Polynomial ring, Projective modules, injective modules, flat modules, additive category, abelian category, exact functor, adjoint functors, co limits, category of complexes, snake lemma, derived functor, resolutions, Tor and Ext, dimension, local cohomology,group co homology, sheaf cohomology, Cech cohomology, Grothendieck spectral sequence, Leray spectral sequence.

Time permitting: advanced topics like sieves, bounds on exponential sums, zeros of functions. Counting problems in sets, multisets, permutations, partitions, trees, tableaux; ordinary and exponential generating functions; posets and principle of inclusion-exclusion, the transfer matrix method; the exponential formula, Polya theory; bijections, combinatorial identities and the WZ method. No prior knowledge of combinatorics is expected, but a familiarity with linear algebra and finite groubs will be assumed. Fourier transform and Sobolev-spaces:Definitions, Extension operators, Continuum and Compact imbeddings, Trace results.

Elliptic boundary value problems: Variational formulation, Weak solutions, Maximum Principle, Regularity results. Unbound linear operators on Hilbert spaces: Symmetric and self adjoint operators, Spectral theory. Banach algebras Gelfand representation theorem. The general theory of holomorphic mappings between bounded domains, automorphisms of bounded domains, discussions on the non-existence of a classical Riemann Mapping Theorem in several variables, discussion of the various forms of the one-variable Riemann Mapping Theorem, the Rosay-Wong Theorem, other Riemann-Rosay-Wong-type results e.

Creation operators on the full Fock space and the symmetric Fock space. Operators spaces. Completely positive and completely bounded maps. Towards dilation of completely positive maps. Unbounded operators: Basic theory of unbounded self-adjoint operators. Introduction to Fourier transform; Plancherel theorem, Wiener-Tauberian theorems, Interpolation of operators, Maximal functions, Lebesgue differentiation theorem, Poisson representation of harmonic functions, introduction to singular integral operators.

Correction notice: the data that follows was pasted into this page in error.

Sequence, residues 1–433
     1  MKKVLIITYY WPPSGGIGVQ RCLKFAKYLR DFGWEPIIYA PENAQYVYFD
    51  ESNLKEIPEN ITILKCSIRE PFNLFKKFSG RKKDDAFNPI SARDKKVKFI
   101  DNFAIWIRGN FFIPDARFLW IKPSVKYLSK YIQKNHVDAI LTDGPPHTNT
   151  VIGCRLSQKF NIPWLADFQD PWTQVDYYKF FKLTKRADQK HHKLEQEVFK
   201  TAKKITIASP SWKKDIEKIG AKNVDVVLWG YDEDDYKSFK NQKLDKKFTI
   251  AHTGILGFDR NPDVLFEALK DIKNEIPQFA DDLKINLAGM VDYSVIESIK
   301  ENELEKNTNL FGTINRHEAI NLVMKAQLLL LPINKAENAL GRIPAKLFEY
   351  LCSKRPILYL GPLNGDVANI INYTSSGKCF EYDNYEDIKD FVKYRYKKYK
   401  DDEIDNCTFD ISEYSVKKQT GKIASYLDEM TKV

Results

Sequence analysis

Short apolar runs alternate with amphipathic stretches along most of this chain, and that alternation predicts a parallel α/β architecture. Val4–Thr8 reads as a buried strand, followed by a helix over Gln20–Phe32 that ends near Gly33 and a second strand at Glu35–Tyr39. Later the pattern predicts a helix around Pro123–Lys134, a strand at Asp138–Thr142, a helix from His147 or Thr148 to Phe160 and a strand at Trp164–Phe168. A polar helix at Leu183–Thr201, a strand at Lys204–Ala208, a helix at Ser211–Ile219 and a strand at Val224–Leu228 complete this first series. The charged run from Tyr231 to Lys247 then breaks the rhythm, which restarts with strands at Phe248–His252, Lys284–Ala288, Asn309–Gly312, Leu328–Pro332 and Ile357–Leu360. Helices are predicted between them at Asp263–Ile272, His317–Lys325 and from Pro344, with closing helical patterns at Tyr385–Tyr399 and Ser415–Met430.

In this course we begin by stating many wonderful theorems in analysis and proceed to prove them one by one. We take a somewhat experimental approach in stating the results and then exploring the techniques to prove them. The theorems themselves have the common feature that the statements are easy to understand but the proofs are non-trivial and instructive.

And the techniques involve analysis. Convexity theory: Analytic continuation: the role of convexity, holomorphic convexity, plurisub-harmonic functions, the Levi problem and the role of the d-bar equation. This topics course is being run as an experiment in approaching the basic concepts in several complex variables with the eventual aim of studying some topics in multi-variable complex dynamics. The course will begin with a complete and rigorous introduction to holomorphic functions in several variables and their basic properties.

This will pave the way to motivating and studying a concept that is, perhaps, entirely indigenous to several complex variables: the notion of plurisubharmonicity.

## Value Distribution Theory Of The Gauss Map Of Minimal Surfaces In Rm

Next, we shall look at some of the motivations behind the study of complex dynamics in several variables. Using the tools developed, we shall undertake a crash-course in currents, which are objects central to the study of some aspects of complex dynamics. We shall then cover as much of the following topics as time permits:. Fundamental Groups: Homotopy of maps, multiplication of paths, the fundamental group, induced homomorphisms, the fundamental group of the circle, covering spaces, lifting theorems, the universal covering space, Seifert-Van Kampen theorem, applications.

Homology : Singular homology, excision, Mayer-Vietoris theorem, acyclic models, CW-complexes, simplicial and cellular homology, homology with coefficients. Review of differentiable manifolds and tensors, Riemannian metrics, Levi-Civita connection, geodesics, exponential map, curvature tensor, first and second variation formulas, Jacobi fields, conjugate points and cut locus, Cartan-Hadamard and Bonnet Myers theorems. This course introduces homotopy type theory, which provides alternative foundations for mathematics based on deep connections between type theory, from logic and computer science, and homotopy theory, from topology.

Progress on existence of minimal surfaces - Andre Neves

This connection is based on interpreting types as spaces, terms as points and equalities as paths. Many homotopical notions have type-theoretic counterparts which are very useful for foundations. Such foundations are far closer to actual mathematics than the traditional ones based on set theory and logic, and are very well suited for use in computer-based proof systems, especially formal verification systems.

The course will also include background material in Algebraic Topology beyond a second course in Algebraic Topology. This is an introduction to hyperbolic surfaces and 3-manifolds, which played a key role in the development of geometric topology in the preceding few decades.